bi-directional PCI-E transfer overlap

I have a GTX280 with PCI-E bus.
I intended to hide the bi-directional data transfer time between host and device using two streams.
Here is the test code:

#include <cuda.h>
#include <stdio.h>
#include <sys/time.h>

#define N (4096*4096)
int main (void) {

float2 *in, *out, *i_d, *o_d;
struct timeval tim;
double t1,t2;

cudaHostAlloc( (void **)&in, sizeof(float2)*N, cudaHostAllocDefault);
cudaHostAlloc( (void **)&out, sizeof(float2)*N, cudaHostAllocDefault);

cudaMalloc((void**)&i_d, sizeof(float2)N);
cudaMalloc((void
*)&o_d, sizeof(float2)*N);

cudaStream_t stream1,stream2;
cudaStreamCreate(&stream1);
cudaStreamCreate(&stream2);

gettimeofday(&tim, NULL);
t1=tim.tv_sec+(tim.tv_usec/1000000.0);

cudaMemcpyAsync(i_d, in, sizeof(float2)*N, cudaMemcpyHostToDevice,stream1);
cudaMemcpyAsync(out, o_d, sizeof(float2)*N, cudaMemcpyDeviceToHost,stream2);

cudaThreadSynchronize();
gettimeofday(&tim, NULL);
t2=tim.tv_sec+(tim.tv_usec/1000000.0);
printf(" Run time=%f\n",(t2-t1));

cudaFreeHost(in);
cudaFreeHost(out);
cudaFree(i_d);
cudaFree(o_d);

return 0;
}

Steam1 along takes 40ms; stream2 along take 39 ms;
All together they take 79ms, there is no overlap!

PCI-E supports full duplex communications.
Can anybody explain why is this? Is there a way to overlap at all?

You can’t overlap both directions simultaneously using cudaMemcpyAsync until Fermi.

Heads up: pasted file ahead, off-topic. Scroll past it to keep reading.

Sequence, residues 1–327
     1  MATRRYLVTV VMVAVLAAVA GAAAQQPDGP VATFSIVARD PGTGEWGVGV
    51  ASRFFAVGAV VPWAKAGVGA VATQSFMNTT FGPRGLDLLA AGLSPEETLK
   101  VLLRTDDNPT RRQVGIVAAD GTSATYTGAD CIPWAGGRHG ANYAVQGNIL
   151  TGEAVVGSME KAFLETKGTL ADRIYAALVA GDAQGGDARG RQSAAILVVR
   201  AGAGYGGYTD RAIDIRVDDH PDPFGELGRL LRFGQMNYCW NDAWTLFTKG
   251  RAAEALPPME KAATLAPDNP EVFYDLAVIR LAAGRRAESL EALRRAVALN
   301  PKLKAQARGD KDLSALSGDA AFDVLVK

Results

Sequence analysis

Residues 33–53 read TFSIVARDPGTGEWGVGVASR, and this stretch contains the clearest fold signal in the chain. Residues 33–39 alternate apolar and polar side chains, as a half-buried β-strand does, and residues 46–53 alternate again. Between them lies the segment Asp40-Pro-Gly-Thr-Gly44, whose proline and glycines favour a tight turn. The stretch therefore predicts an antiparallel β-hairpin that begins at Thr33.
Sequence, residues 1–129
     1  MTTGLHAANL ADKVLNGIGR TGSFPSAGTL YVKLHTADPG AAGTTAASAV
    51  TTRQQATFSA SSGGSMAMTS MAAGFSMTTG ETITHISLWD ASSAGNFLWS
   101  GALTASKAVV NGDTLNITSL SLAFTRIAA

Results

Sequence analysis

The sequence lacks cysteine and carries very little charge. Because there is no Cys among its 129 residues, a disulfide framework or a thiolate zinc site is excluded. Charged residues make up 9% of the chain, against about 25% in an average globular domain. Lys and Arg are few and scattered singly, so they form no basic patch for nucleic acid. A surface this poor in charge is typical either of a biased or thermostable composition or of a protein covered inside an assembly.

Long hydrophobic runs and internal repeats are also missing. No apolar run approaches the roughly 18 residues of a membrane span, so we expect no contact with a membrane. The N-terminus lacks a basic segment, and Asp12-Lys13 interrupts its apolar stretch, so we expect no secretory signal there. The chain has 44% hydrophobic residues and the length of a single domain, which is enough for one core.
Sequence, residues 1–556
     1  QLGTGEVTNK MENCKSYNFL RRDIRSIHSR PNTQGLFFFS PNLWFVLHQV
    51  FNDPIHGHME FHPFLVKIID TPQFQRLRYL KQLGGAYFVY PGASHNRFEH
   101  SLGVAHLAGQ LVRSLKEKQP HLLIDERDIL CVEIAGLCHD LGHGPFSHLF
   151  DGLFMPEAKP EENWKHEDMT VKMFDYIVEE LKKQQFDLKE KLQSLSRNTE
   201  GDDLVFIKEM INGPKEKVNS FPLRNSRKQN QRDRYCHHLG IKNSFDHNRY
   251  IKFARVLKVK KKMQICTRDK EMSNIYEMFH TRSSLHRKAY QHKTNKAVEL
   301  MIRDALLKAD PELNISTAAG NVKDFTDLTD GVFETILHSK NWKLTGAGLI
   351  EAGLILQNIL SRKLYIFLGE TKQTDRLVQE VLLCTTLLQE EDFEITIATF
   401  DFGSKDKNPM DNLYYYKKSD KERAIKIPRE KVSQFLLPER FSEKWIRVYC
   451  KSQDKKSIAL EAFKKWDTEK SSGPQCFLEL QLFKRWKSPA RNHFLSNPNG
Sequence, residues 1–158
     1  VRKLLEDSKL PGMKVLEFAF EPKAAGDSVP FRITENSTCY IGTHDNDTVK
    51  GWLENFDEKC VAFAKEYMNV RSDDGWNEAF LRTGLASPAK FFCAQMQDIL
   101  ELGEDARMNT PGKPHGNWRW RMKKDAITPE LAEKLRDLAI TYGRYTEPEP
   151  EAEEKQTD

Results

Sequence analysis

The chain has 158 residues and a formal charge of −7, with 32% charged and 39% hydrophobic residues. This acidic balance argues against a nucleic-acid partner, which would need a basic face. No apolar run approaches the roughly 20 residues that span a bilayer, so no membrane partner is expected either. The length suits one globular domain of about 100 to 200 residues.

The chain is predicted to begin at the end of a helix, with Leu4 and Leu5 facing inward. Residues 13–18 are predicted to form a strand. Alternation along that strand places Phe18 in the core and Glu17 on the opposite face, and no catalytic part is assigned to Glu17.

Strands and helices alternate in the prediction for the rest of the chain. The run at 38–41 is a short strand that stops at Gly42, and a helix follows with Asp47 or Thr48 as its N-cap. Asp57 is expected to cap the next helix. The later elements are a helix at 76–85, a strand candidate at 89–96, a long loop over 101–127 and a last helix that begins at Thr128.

Thanks a lot !

If you write your own function that interleaves reads and writes from system RAM, I bet it will overlap.

Just allocate with cudaHostAllocMapped and write your own 2 way memcpy function.

I have never used mapped memory.

But, what do you mean by 2-way memcpy function? You should be able to access memory addresses directly in a kernel if it is mapped.

Isn’t that Mapped memory should be only used on integrated GPU cards? Otherwise it is much slower.

Also, is it possible to overlap 2-way transfer using two independent p-threads?

I mean this:

__global__ void BiDirectionalMemcpy(uint *dst0, uint *src0, uint *dst1, uint src1, uint n)

{

  for (uint i = threadIdx.x; i < n; i += blockDim.x)

  {

	dst0[i] = src0[i];

	dst1[i] = src1[i];

  }

}

int main()

{

  cudaSetDeviceFlags(cudaDeviceMapHost);

  BiDirectionalMemcpy <<<1, 512>>>(in_d, in_mapped, out_mapped, out_d);	// should use more than 1 block, but this is just an example

}

Mapped memory will be slower than device memory, but it won’t be any slower than using cudaMemcpy() on host RAM obviously.

No, there’s only 1 GPU and if the GPU doesn’t allow it, #threads won’t make a difference.

I tried the follow code:

[codebox]#include <cuda.h>

#include <stdio.h>

#include <sys/time.h>

#define N 1024 //(4096*4096)

#define Threads 32 //512

#define Blocks 1 //512

#define Lines (N/(Threads*Blocks))

#define PCI_IN

#define PCI_OUT

global void BiDirectionalMemcpy(float2 *in_d, float2 *in_map,

                       float2 *out_d, float2 *out_map )

{

int base=blockDim.xLinesThreads+threadIdx.x;

for(int j=0; j<Lines; j++)

{

int i=base+j*Lines;

#ifdef PCI_IN

    in_d[i].x=in_map[i].x;

    in_d[i].y=in_map[i].y;

#endif

#ifdef PCI_OUT

  out_map[i].x=out_d[i].x;

  out_map[i].y=out_d[i].y;

#endif  

}

}

int main (void) {

float2 *in, *out, *in_map, *out_map, *in_d, *out_d;

struct timeval tim;